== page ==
Vera Zakem is Senior Technology and Policy Advisor at Institute for Security and Technology where she leads democracy and technology efforts and is the founder of Zakem Global Strategies. From 2020-2021 she was a member of non-partisan task force on the US strategy in support of democracy and the fight against authoritarianism.
the TechCrunch Global Affairs project explores the increasingly intertwined relationship between the technology sector and world politics.
This week, President Biden will make executives over 100 countries to attend its long-promised virtual summit for democracy. After a year Advice, coordination and action, these heads of state and government will meet again for a second summit to report on the progress made on the first protection commitments Human rights, counter-authoritarianism and corruption.
Since I was born in the former Soviet Union, I can’t help but be optimistic about the summit. Even as a very young child I felt the coldness that came from living in a place that restricted freedom of expression and expression and where information and almost every aspect of life was heavily controlled by the state or a few rulers. My personal experiences make me grateful to be an American citizen. But, having lived under an authoritarian regime, I am very sensitive to the reason why this summit is taking place: the democratic recession that is taking place around the world.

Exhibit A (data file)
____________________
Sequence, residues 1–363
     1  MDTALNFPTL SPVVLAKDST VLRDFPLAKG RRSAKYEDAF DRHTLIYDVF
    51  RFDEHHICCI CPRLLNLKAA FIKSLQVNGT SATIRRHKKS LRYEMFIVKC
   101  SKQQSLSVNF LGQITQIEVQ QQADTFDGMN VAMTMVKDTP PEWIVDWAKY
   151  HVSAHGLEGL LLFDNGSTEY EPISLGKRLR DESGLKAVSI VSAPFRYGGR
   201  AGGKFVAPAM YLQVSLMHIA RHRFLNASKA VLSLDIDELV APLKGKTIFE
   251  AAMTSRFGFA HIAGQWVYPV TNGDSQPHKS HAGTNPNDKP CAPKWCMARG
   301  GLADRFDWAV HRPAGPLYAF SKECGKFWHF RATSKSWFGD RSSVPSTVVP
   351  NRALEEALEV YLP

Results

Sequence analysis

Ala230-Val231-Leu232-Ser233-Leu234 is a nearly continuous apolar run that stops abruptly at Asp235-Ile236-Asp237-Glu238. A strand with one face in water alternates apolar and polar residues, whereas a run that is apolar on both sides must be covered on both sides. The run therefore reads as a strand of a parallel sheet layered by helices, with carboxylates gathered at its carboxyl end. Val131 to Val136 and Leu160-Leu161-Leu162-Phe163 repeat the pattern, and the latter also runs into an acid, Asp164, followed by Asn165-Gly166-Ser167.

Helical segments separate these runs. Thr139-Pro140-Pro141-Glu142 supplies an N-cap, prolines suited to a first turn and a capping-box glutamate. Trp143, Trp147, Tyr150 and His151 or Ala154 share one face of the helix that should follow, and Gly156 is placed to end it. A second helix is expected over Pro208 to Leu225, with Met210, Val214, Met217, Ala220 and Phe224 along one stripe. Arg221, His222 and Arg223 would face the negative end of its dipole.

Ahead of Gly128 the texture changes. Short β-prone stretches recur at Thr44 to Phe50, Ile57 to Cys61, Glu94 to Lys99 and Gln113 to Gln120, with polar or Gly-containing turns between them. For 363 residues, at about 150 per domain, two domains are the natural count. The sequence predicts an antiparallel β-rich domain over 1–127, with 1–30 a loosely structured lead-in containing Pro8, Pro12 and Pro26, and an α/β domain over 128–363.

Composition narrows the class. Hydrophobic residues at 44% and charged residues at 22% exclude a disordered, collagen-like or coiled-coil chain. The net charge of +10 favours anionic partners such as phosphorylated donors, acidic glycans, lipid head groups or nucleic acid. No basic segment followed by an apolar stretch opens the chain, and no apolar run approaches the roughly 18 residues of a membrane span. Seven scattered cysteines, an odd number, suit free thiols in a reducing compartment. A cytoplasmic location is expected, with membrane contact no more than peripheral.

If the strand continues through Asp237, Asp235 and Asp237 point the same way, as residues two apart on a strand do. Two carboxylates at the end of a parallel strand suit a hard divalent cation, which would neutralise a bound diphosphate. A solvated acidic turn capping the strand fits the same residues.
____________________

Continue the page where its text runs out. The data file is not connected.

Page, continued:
No area is as critical in this democratic competition as technology. If leaders hope to make progress on the three core principles of the summit, they must ensure that technology serves democracy and human rights. These include facilitating investment in the open internet and critical infrastructures to counter digital authoritarianism, counter disinformation, strengthen society’s resilience, and make greater investments in new technologies and technological entrepreneurship that are compatible with democratic values and diversity.
reporting indicates that we are likely to see commitments to strengthen the Internet, increase funding for media literacy and civics, and enforce export controls on dual-use technologies, among other things. These are all useful steps. But if they are to last beyond the summit, they need public-private-civic partnerships to really implement and scale them. Here are three areas that deserve our collective attention:
First, digital authoritarianism, the use of technology to suppress domestic citizens through regulation, censorship and export of technology, has become a pervasive global problem. We don’t have to look much further than China and its pioneering work state controlled internet or Russia and its ever-Tightening control about internet infrastructure, online content and data protection. In addition, by exporting this form of authoritarianism to other regions of the world, including Africa and Latin America, these countries help promote the “System rivalry” between democracies and authoritarian regimes.
The private sector, civil society and governments can do much together to address this evolving threat. This includes working together to build critical infrastructures in emerging countries while tightening export controls on repressive technologies. At the sub-national level, the US and its allies should work to improve internet access and promote internet freedom, with a special focus on marginalized communities. Civil society in particular should use its voice to advocate local rules and practices to hold both governments and the private sector accountable. Multinational corporations should also use their power for good by conducting human rights assessments in the countries in which they operate to ensure that they do not commit human rights abuses or inadvertently support authoritarian regimes in their business practices.